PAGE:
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Surgery is the most common way to treat melanoma. It might be the only treatment needed for early stage melanomas. It's often part of the treatment for more advanced cancers. Surgery is done to remove any area that has melanoma cancer cells. Surgery may be done by a specialist such as a:
Cancer surgeon (surgical oncologist)
Wide local excision. This surgery is done to remove all of the melanoma and some normal tissue around it. This can help keep the melanoma from growing back. The surgery takes place after a biopsy to confirm the diagnosis of melanoma. The biopsy results also help the doctor decide how much tissue needs to be removed in the surgery. The surgery usually is done with local anesthesia, to numb the area. If your doctor needs to remove a lot of skin, you may need a skin graft. For a graft, the surgeon takes skin from another part of your body to replace the skin that was removed. The doctor typically uses stitches to close small excisions.
Sentinel lymph node biopsy. You may need a sentinel lymph node biopsy if you have a thick melanoma or one with features that make it more likely to have spread. This procedure removes nearby lymph nodes to check for cancer cells. It’s done because melanoma often spreads first to the lymph nodes. In a group of lymph nodes, cancer is most likely to go to one or two lymph nodes first. These lymph nodes are called sentinel lymph nodes. During the procedure, a surgeon removes a sentinel lymph node. It’s then looked at for cancer cells. If no cancer is found, the other lymph nodes in the group can be left in place. Results of a sentinel lymph node biopsy help your doctor figure out what treatment you may need.
Lymph node dissection. If lymph nodes near the melanoma are enlarged or if cancer is found in the sentinel node, you may need more surgery to remove nearby lymph nodes in the area. This surgery is known as a lymph node dissection.
Amputation. If the melanoma is on your finger or toe and would be hard to remove, the doctor may suggest removing part of or all of the finger or toe.
Some surgeries work better for certain stages of melanoma. For example:
Stage 0 or I melanoma. Wide local excision surgery is the standard treatment. The surgeon removes the tumor and some of the normal tissue around it. Without surgery, melanoma could spread to other parts of your body. For some stage I melanomas, the surgeon may advise a sentinel lymph node biopsy. If cancer is found in the sentinel lymph node, the surgeon may also remove more nearby lymph nodes (lymph node dissection).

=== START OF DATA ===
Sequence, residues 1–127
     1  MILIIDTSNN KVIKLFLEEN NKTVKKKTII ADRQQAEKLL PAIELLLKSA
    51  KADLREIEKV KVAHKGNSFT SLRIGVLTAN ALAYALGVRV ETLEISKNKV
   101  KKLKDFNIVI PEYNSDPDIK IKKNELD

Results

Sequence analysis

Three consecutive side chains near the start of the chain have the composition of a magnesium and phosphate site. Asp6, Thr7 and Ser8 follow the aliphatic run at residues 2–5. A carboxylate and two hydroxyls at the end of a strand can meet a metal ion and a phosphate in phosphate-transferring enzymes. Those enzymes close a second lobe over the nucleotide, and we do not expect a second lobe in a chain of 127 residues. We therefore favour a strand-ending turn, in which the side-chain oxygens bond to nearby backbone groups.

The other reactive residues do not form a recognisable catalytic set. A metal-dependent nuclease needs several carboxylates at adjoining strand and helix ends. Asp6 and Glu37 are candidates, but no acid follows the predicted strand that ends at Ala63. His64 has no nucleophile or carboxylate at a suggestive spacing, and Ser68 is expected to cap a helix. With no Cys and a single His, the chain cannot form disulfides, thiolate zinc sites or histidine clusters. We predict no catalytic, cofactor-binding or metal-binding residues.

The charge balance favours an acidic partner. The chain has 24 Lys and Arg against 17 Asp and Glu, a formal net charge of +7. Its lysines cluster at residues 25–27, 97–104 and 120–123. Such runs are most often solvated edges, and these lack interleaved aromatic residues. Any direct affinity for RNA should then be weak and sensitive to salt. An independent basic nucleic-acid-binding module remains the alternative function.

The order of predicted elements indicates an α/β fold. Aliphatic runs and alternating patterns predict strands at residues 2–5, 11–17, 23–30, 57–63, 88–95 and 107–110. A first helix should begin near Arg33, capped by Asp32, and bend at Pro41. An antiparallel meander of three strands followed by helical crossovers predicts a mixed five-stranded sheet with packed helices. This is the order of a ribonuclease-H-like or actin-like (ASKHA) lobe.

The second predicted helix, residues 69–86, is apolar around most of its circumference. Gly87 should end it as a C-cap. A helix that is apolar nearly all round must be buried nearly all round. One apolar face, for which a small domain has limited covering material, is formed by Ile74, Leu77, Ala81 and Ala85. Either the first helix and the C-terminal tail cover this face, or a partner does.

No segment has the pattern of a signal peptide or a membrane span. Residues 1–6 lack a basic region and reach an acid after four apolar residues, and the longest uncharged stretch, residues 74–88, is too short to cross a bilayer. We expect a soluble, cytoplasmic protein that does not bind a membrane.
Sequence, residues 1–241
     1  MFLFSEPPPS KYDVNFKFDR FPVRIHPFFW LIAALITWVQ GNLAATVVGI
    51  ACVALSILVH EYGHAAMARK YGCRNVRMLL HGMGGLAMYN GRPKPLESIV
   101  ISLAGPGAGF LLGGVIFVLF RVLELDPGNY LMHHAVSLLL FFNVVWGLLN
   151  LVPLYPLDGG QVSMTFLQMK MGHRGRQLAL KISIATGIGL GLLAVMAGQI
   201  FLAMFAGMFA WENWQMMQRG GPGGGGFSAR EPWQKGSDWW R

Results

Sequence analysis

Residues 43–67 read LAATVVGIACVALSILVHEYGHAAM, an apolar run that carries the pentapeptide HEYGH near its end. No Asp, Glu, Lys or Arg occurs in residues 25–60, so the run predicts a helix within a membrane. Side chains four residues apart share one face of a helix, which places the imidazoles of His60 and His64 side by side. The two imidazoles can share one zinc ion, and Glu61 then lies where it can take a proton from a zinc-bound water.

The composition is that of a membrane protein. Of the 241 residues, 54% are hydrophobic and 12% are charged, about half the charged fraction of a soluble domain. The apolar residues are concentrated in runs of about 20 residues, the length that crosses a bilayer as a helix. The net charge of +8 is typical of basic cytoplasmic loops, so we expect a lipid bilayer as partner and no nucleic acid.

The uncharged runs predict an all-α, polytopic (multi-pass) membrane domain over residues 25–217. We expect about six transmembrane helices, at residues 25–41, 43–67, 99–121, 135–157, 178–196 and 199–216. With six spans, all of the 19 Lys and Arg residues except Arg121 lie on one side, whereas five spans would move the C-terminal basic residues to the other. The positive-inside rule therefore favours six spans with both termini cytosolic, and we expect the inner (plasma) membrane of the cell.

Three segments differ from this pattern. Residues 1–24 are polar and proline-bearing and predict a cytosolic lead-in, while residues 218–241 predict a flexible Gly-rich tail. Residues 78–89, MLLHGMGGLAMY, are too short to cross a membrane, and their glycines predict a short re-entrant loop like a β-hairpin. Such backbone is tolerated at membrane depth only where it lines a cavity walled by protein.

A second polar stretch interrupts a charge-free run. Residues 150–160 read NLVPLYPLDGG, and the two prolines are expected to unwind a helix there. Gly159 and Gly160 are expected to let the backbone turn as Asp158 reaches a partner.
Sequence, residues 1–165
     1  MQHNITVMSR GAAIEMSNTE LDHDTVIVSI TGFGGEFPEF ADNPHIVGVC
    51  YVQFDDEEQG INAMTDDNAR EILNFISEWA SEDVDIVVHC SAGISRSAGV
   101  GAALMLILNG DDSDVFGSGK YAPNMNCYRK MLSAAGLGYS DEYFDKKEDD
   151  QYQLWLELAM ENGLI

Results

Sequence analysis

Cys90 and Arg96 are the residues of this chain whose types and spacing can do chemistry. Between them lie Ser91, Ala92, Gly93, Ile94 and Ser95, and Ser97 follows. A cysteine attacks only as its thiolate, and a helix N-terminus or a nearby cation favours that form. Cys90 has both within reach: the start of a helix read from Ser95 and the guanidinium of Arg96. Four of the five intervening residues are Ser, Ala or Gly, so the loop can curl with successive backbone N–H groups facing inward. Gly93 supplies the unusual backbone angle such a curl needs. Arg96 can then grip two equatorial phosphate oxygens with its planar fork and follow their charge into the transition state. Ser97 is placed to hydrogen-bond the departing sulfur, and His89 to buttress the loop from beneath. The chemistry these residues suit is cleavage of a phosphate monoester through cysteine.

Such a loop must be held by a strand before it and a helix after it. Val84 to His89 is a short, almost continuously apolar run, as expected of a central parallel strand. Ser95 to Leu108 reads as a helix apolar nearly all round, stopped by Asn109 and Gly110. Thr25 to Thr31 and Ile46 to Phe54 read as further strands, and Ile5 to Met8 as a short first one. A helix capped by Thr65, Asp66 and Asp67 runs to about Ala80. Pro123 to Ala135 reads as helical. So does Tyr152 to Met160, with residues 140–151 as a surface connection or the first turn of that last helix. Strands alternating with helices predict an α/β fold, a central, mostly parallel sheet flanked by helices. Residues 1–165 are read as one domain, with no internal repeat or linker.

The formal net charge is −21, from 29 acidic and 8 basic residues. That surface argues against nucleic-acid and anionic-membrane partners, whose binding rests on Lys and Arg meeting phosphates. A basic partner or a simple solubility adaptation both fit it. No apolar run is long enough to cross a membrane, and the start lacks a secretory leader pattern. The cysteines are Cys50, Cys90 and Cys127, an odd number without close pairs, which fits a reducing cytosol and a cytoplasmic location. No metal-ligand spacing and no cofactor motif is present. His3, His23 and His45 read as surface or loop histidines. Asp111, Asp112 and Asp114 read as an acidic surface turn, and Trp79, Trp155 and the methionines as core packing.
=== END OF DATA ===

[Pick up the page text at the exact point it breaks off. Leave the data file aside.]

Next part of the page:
Stage II or III melanoma. You may first need a sentinel lymph node biopsy or a lymph node dissection. You'll also have surgery to take out the tumor. Depending on the size of the cut and the location on your body, you may need a skin graft.
Stage IV melanoma. Your doctor may suggest surgery to remove tumors and ease symptoms caused by advanced melanoma. This is palliative therapy, meaning it gives relief but doesn't cure the cancer.
Your doctor will talk with you about which surgery will work best for your stage of melanoma.
Talk with your doctor about what kind of surgery is an option for you. Ask any questions and address any concerns you may have. You may still need other types of treatment before or after surgery.
Surgery is most often in a doctor's office or a hospital’s outpatient clinic. You’ll be able to go home the same day. For more complex surgery, you may need to stay overnight in the hospital.
It will take a couple of weeks for your incision to heal. During this time, you may have:
Redness and swelling of incision site
Swelling in an arm or leg, called lymphedema, after having lymph nodes removed
Talk with your healthcare team about what to expect. If you’ve had a skin graft, your team will tell you how to take care of them as they heal.
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